Morocco/Algeria: The armed forces behind the Western Sahara conflict


The Algerian and Moroccan militaries rank second and fifth in Africa, respectively, and shell out dizzying sums to acquire the latest equipment. Rabat turns to US and French suppliers, while Algiers sticks with Russian-made military goods.

This is part three of a five-part series.

At the end of January 2021, the United States’ International Trade Administration announced that Morocco had purchased a US-made Patriot air-defence system. World famous since the Second Gulf War, the product in question is a medium-range surface-to-air missile (SAM) system designed to neutralise enemy aerial threats.

While no details have been released as to the terms of the purchase, Morocco’s latest splurge will put its armed forces in a better position and perhaps even close the only major military gap the country has vis-à-vis Algeria, whose forces are equipped with Russia’s S-300 SAM systems.

Radars from Thales

But this just scratches the surface of the equipment a country needs to ensure its air defences.

Surveillance radars are also key. Accordingly, the Moroccan army ordered two Ground Master 400 radar systems from French manufacturer Thales, making it the owner of a total of five such systems.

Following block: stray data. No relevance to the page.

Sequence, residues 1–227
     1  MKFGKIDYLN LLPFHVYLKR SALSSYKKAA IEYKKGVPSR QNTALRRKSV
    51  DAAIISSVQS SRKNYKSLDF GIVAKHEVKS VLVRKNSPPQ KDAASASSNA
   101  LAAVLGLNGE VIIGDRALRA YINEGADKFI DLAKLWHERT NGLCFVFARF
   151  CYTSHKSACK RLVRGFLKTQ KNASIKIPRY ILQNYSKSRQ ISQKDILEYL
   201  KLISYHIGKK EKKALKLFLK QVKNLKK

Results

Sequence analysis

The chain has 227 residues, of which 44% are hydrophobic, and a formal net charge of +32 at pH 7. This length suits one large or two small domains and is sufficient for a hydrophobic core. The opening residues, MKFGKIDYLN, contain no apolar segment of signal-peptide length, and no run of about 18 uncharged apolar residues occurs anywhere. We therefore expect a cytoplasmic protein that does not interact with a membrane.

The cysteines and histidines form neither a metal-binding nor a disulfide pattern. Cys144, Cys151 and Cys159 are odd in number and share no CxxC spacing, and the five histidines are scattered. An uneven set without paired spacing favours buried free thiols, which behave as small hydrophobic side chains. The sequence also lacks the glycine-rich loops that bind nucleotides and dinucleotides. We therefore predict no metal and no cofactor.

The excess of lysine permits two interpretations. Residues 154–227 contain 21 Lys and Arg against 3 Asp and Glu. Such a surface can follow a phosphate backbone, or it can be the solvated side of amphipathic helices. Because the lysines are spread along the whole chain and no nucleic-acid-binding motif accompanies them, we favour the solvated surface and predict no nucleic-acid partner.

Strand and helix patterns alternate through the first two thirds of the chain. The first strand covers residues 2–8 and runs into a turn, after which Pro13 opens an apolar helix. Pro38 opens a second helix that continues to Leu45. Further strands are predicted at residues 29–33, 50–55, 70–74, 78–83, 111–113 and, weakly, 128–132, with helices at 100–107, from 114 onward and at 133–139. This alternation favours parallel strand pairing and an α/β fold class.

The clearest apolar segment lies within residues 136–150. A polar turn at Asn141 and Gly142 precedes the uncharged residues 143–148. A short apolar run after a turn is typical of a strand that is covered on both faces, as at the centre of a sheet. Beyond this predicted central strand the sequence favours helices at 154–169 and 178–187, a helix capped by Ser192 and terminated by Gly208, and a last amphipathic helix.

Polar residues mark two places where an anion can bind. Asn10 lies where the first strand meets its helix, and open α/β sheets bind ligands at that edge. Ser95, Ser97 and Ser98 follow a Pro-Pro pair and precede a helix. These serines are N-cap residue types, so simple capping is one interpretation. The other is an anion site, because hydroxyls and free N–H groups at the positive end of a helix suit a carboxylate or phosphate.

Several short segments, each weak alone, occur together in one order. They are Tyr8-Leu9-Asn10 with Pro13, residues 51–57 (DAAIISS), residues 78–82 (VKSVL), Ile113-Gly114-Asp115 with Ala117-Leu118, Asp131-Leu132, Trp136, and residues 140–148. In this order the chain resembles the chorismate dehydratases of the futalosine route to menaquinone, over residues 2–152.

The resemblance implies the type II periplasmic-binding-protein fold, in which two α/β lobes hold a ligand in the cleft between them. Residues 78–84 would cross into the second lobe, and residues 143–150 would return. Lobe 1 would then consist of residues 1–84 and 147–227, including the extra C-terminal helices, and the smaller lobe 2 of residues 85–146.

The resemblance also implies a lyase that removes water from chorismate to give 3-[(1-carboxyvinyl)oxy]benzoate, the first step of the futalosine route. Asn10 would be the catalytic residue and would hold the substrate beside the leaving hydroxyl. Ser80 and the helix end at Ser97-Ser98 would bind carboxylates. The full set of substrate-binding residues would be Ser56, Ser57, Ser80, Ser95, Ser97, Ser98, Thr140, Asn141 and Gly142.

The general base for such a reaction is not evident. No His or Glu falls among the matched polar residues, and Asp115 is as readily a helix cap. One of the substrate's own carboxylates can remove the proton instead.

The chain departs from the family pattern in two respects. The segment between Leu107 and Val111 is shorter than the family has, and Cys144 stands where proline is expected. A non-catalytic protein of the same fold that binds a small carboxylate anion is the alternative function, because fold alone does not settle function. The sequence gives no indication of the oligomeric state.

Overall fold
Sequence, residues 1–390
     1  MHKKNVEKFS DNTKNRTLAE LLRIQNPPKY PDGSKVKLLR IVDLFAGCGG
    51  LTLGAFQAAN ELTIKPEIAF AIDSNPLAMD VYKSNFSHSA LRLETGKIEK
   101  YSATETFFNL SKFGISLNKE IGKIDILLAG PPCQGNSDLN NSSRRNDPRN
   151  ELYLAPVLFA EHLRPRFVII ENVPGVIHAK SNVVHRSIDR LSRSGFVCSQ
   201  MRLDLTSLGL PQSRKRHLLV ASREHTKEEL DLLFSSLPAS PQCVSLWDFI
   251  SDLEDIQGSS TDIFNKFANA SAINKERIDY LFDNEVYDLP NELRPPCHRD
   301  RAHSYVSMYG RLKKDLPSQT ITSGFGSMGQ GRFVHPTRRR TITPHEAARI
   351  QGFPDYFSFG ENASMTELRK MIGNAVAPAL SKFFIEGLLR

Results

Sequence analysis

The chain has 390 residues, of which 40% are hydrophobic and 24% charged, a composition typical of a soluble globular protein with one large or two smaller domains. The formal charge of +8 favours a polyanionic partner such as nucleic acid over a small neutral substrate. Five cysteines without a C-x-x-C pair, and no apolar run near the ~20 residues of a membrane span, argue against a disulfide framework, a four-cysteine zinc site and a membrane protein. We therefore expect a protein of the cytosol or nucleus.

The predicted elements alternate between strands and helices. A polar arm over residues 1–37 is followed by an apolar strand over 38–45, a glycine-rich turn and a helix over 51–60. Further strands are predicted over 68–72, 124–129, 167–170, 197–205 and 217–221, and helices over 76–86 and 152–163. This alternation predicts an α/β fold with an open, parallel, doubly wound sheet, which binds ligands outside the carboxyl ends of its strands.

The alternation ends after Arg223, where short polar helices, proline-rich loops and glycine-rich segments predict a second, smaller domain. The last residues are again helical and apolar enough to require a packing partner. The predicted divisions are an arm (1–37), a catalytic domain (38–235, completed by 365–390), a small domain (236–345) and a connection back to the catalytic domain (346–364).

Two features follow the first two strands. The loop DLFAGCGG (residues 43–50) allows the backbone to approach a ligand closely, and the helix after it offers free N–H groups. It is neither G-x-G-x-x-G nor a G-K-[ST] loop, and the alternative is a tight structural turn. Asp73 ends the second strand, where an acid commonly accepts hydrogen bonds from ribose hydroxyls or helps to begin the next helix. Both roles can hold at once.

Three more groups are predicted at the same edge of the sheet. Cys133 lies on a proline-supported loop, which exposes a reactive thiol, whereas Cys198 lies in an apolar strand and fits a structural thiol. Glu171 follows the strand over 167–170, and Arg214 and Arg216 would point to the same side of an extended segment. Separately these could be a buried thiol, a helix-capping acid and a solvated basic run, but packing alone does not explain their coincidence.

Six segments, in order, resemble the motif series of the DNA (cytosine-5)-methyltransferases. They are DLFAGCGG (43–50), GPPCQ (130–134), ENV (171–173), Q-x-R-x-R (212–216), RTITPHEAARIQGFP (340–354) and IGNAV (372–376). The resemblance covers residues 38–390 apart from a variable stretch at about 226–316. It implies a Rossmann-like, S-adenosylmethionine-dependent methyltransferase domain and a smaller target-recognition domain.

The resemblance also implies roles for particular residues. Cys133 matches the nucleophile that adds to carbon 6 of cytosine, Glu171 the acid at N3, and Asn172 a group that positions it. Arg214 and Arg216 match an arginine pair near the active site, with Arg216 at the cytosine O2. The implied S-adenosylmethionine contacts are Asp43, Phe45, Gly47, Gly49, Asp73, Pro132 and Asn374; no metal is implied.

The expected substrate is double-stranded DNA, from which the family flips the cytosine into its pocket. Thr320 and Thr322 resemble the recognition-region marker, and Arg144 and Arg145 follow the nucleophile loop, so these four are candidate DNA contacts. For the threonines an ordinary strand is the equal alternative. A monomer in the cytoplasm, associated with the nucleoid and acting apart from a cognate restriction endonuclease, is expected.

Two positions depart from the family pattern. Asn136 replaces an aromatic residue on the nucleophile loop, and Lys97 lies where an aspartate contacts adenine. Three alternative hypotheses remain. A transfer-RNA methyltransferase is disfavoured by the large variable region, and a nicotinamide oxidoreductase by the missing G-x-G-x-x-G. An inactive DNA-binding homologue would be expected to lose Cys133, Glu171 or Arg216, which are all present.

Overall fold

In addition, Morocco is slated to acquire seven AN/TPS-77 radars from US company Lockheed Martin. These latest purchases will give the country multi-layered air-defence coverage with radars capable of detecting targets that have a low radar signature – such as stealth jets – and fly at very low altitudes.

Algeria, for its part, has a wide range of high quality radar systems, such as the Russian-made Rezonans-NE and China’s YLC-8B.

When it comes to fighter aircraft, the Algerian military has trusted Russian jets for decades. It particularly likes those manufactured by Sukhoi, known for leaving fighter pilots the world over awestruck, as their manoeuvrability is unmatched, if flight demonstrations are any guide. But are they as effective in real-world situations? It is entirely possible, but no one can say for sure because they simply have not been used much in combat.

In contrast, the US-made F-16 fighter jet, which Morocco opted to buy, has a long history of use around the world. Its latest variant, the Viper (F-16V), features an integrated radar system and an array of weapons, giving it outstanding cost effectiveness.

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